Anna Schaffelhuber completes quest for five golds16.03.2014
For the second straight Winter Paralympics, a female skier won five alpine golds.
"I knew that I could reach gold in every discipline, but I have never believed that I would do that."
Anna Schaffelhuber won her fifth title in the final women’s sit-ski event on the closing day of the Sochi 2014 Winter Paralympics on Sunday (16 March) at the Rosa Khutor Alpine Centre.
The German sit skier won the women’s giant slalom sitting class with a combined time of 2:51.26 to become the second straight woman to sweep all five alpine events at the Paralympics.
Canadian Lauren Woolstencroft won five gold medals on her home soil in Vancouver four years ago in the standing class.
"I knew that I could reach gold in every discipline, but I have never believed that I would do that," Schaffelhuber said.
Schaffelhuber — who was second at the 2013 IPC Alpine Skiing World Championships in La Molina, Spain, in the giant slalom — also won gold in downhill, super G, slalom and super combined in the women's sitting class in Sochi. She won the slalom after originally being disqualified in the first run of the event only to have that ruling overturn.
"The highlight is not the five gold medals, the highlight is staying together with the whole team after the whole disqualification,” she said. “I felt we are a team and everyone is working for everyone.
"It's amazing, I can't believe it. I'm looking forward to the dream becoming reality because until now I haven't realised it."
Austria’s Claudia Loesch, who is the reigning world champion in the event, finished in second place with a time of 2:55.91 while Schaffelhuber’s teammate Anna-Lena Forster won bronze in 2:59.33.
After Sunday’s first run, Schaffelhuber sat in second with a time of 1:31.60 behind Canadian Kimberly Joines (1:30.44). The USA’s Alana Nichols (133.49) was third after the first run five days after crashing in the super-G and receiving medical treatment.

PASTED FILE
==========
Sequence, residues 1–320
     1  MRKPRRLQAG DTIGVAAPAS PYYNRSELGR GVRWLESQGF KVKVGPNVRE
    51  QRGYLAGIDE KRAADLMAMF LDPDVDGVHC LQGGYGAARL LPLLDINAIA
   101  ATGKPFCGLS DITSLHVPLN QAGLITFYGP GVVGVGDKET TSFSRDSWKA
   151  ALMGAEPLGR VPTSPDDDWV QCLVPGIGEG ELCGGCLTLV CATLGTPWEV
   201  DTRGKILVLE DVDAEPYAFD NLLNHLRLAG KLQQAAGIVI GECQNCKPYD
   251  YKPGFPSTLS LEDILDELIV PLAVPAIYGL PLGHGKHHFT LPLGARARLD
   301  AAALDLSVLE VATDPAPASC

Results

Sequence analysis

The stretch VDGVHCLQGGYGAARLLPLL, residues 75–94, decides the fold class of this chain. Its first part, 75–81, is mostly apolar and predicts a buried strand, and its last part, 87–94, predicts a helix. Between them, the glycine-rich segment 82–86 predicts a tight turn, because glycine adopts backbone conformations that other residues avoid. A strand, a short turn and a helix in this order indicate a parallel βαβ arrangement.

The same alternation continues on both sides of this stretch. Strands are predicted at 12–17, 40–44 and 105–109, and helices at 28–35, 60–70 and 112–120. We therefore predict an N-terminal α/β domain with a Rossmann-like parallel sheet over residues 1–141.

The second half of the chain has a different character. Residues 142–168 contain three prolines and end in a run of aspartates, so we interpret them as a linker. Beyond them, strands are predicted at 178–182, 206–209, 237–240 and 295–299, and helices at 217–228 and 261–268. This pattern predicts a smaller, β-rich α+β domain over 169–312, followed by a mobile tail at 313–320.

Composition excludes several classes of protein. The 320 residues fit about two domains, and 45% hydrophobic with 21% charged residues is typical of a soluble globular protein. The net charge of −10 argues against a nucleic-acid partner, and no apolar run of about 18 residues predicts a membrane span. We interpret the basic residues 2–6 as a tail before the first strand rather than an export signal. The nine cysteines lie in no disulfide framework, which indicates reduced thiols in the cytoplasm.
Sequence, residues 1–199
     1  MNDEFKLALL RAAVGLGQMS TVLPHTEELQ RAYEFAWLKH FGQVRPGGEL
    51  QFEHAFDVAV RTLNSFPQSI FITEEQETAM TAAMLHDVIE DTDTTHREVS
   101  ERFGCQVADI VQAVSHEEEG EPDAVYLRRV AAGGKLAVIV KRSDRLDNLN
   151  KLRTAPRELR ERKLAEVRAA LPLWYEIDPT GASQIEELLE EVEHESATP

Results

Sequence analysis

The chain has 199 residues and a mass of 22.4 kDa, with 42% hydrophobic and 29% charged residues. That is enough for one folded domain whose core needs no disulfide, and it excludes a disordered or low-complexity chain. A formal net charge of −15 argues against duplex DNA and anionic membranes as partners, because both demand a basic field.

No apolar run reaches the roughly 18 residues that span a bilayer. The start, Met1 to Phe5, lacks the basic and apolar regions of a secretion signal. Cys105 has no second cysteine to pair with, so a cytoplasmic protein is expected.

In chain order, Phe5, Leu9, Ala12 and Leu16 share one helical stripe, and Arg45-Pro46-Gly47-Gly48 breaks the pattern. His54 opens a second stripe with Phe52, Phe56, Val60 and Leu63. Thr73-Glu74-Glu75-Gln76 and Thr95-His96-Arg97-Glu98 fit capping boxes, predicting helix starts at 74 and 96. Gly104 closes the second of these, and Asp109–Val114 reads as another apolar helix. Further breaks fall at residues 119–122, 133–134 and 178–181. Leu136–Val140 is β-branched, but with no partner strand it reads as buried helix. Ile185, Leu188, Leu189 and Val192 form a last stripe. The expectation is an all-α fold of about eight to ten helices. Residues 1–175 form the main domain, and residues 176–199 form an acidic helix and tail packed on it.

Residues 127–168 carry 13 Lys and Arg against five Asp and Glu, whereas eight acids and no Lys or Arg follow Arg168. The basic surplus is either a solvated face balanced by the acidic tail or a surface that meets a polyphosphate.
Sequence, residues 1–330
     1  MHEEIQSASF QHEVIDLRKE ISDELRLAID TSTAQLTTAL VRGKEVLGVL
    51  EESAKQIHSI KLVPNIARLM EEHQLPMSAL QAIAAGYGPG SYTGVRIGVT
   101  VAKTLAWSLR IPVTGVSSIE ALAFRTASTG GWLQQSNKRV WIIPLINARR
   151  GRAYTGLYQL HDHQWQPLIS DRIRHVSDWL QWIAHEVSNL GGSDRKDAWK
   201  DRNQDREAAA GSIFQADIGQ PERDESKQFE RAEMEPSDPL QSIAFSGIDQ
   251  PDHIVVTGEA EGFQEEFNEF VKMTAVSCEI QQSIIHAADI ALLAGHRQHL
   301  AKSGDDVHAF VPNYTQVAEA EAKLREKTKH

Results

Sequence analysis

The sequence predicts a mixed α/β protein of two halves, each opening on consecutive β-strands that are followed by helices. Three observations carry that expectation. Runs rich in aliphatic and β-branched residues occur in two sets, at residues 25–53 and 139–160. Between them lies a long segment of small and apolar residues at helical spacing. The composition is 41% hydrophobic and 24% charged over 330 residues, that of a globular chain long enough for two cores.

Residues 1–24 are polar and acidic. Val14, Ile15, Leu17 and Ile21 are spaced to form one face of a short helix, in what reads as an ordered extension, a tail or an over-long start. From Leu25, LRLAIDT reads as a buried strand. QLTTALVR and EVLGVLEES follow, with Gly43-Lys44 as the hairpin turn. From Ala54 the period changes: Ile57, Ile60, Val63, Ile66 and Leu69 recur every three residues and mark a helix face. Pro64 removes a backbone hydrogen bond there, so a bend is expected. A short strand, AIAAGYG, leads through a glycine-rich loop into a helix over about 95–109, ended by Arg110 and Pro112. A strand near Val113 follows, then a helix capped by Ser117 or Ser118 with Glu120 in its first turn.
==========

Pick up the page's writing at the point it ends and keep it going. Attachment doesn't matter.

"I feel so fortunate to leave the hospital with no broken bones, just a few stitches on my chin,” Nichols (3:00.24), who finished fourth despite doing a full spin on her second run, said after her first run. “But that's part of life."
Coming into Sochi skiing speculators predicted it would be France’s world champion, Marie Bochet, going for five golds since she swept all five events at last year’s World Championships.
The 20-year-old stumbled in Wednesday’s slalom but still managed to win her fourth gold on Sunday by clocking a combined time of 2:38.84 in the giant slalom standing class.
"I'm happy I had the chance to live all this,” she said. “But I'm also happy that this has come to an end because it has been an exhausting experience. I'm happy for all the medals I have won."
Bochet’s rival, Andrea Rothfuss of Germany, who won silver in the event four years ago in Vancouver, finished second with a time of 2:39.70.
After Rothfuss dropped a tough time of 1:14.34 in her second run and after Bochet stumbled a bit midcourse but still managed to hang on for a time of 1:13.86 in her second run.
"On the steep portion after the jump, I thought I was going to ski off,” she said. “I was really scared. It reminds me of the slalom. The second run has been tricky to the last gate. I didn't have a big advantage over Andrea.”
Bochet’s teammate, Solene Jambaque, was third with a time of 2:46.81.
In the women’s giant slalom visually impaired class, Slovakia’s Henrieta Farkasova (2:48.63) beat Russia’s Aleksandra Frantceva (2:54.91), while Australia’s Jessica Gallagher (3:02.11) was third.
Going into Sunday’s final day of competition, Frantceva had already won gold in slalom and super-combined, along with silver in super-G and bronze in downhill. She also won the giant slalom at the World Championships and the gold medal in Vancouver for years ago.